These might of been mentioned already, but I only skimmed the above.

Rather than flip flops/tevas for camp - a couple of placcy bags and a wooly pair of socks did me great - Line wet wellies with bags and wear nice warm wooly socks. Bliss.

A small head torch - eg a zipka or some such is preferable to wearing a soggy helmet in camp.

A lightweight dry undersuit for wearing in camp if your main caving one is likely to be wet.

And for chirst sake - make sure you're going to be warm enough, i.e. that your bivvy bag/sleeping bag combo is up to the job.  I bought some daft lightweight sleeping bag for a night in bagshawe (remote digging session) and had probably the most miserable night ever shivering away.

I've found that on thermarests often get punctured and are next to useless when deflated, a 3 quarter length foam karrimat is a better option to give re-assurance of a warm and comfy night.

Offline bograt

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Re: Underground camping experience and equipment
« Reply #14 on: May 10, 2013, 10:03:25 pm »
With SamT on all of his points, but with modern developments, maybe a wonesie for sleeping? ;D
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Offline me

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Re: Underground camping experience and equipment
« Reply #15 on: May 10, 2013, 10:52:31 pm »
Found this in GoOutdoors.  No gas so can take on plane & train, activated by water and only £27 with 5 refills for under £10.  Haven't tried it yet though.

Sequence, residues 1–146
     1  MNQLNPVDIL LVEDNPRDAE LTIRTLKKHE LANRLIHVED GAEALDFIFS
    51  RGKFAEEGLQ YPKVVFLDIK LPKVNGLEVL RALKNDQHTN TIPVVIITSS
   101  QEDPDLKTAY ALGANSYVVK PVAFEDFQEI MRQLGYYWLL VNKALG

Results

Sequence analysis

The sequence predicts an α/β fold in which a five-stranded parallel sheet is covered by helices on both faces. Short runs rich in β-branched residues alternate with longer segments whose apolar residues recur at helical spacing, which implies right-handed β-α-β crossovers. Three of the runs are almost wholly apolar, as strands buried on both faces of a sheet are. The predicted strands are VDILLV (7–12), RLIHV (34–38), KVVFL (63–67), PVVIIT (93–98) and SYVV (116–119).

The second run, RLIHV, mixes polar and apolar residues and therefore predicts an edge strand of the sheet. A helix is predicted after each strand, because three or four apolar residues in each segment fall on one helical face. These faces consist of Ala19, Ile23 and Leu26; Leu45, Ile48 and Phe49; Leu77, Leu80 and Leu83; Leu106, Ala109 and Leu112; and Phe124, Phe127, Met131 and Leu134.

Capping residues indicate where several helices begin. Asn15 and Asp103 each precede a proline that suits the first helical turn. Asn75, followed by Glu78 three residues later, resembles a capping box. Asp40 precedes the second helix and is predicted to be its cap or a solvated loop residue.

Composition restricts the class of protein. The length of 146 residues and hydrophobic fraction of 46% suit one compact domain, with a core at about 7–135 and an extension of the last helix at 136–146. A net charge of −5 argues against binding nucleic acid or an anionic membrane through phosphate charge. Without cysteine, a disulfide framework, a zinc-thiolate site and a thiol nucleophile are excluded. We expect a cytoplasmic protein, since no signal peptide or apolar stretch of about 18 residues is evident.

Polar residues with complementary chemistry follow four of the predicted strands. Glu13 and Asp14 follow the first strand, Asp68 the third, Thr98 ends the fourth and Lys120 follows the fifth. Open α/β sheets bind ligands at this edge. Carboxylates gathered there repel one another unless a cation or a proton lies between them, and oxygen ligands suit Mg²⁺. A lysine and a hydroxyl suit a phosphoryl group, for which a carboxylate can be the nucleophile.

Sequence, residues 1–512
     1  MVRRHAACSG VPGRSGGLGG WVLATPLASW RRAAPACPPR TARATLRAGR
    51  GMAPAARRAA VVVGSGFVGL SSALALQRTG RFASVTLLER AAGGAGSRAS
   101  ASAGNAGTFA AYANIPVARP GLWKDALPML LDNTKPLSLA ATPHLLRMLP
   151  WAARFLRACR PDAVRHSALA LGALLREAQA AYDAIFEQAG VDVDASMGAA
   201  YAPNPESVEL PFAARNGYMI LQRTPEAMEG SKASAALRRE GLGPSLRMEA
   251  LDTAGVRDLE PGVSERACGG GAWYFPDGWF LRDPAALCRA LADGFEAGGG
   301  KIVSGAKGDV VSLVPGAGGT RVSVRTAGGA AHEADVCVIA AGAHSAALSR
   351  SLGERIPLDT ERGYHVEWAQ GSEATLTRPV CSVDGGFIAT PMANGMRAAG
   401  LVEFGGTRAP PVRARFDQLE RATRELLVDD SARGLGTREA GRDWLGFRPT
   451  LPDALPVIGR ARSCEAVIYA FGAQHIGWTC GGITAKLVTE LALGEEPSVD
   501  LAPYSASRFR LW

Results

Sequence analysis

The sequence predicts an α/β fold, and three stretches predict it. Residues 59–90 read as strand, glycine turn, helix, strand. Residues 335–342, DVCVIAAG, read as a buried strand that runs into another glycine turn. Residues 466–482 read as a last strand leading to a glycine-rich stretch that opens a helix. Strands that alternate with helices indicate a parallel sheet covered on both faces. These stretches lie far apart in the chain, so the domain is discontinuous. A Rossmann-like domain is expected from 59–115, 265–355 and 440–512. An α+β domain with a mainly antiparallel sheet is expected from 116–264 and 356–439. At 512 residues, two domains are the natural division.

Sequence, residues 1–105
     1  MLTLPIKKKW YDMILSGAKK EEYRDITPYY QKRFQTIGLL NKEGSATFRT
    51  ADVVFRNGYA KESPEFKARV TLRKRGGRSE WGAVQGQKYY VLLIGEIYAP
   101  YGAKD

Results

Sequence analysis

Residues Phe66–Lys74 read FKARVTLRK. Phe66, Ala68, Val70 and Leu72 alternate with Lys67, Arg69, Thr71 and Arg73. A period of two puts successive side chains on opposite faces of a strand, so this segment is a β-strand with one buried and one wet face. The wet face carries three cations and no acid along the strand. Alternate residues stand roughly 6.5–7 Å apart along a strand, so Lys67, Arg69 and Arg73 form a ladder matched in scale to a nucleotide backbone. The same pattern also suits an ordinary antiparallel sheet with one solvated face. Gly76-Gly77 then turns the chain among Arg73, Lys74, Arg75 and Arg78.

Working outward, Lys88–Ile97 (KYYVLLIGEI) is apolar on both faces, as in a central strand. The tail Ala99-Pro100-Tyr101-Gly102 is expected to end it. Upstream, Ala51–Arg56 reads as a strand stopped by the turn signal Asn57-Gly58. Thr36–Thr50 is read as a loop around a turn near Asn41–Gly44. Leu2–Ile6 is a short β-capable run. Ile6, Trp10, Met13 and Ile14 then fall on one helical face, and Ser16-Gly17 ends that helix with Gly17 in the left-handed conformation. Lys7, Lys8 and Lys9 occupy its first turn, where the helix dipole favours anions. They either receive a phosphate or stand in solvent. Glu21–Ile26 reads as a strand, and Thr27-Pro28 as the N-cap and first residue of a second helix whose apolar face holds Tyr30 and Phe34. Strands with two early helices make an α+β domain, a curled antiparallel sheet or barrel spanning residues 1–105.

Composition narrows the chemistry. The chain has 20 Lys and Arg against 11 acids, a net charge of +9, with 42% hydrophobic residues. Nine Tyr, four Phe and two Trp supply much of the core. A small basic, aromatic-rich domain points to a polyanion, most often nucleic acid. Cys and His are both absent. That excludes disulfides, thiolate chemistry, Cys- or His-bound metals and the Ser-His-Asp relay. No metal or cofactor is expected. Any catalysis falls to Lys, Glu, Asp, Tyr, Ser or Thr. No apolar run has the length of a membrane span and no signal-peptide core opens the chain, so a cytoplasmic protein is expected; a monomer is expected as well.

http://www.gooutdoors.co.uk/trekmates-flameless-cook-box-p195259

There is also this at £40  you light a gel which is in a plastic bag for travelling.  http://www.gooutdoors.co.uk/fuel-4-x2-eco-cookset-p216532

And this is the ultimate luxury under ground for £1.80  http://www.gooutdoors.co.uk/product-search/text/coffee

Offline sluka

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Re: Underground camping experience and equipment
« Reply #16 on: May 10, 2013, 10:59:05 pm »
There is one good idea for underground camp: a simple dryer - box from tin material hanging from ceiling where you may hang overalls or wet under-suits and dry them by bigger candle overnight.

Offline badger

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Re: Underground camping experience and equipment
« Reply #17 on: May 10, 2013, 11:20:40 pm »
for footwear when we camped we used beach shoes. we camped for 3 nights we had one tackle sack for ropes hangers. and one tackle sack for personnal and group kit. we used  glow sticks to give the camp low level light and petzl tikka

Offline jarvist

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Re: Underground camping experience and equipment
« Reply #18 on: May 13, 2013, 11:40:20 am »
Late to the party, but I put a selection of bits used to great effect deep camping in a cold cave during the recent Migovec explorations (Slovenia) up on a blog post:

http://jarvbites.wordpress.com/2012/12/26/three-years-at-x-ray-underground-camp-logisti/

It's quite specific to location (cold at 2C, clean water, tight cave), but may be some helpful pointers. "minimalist luxury" is a good way to go, small things such as LED fairylights, dry socks, MP3 player, fleecy bits, etc. make an enormous difference.

We bought one of those high efficiency heat-exchanger stove pots for this summer, to see if we can eek even more tea out of our fuel.

The recent Vango synthetic bags make good cheap UG camp hosts, as they now use an entirely synthetic (no cotton) construction, so don't feel damp + won't rot.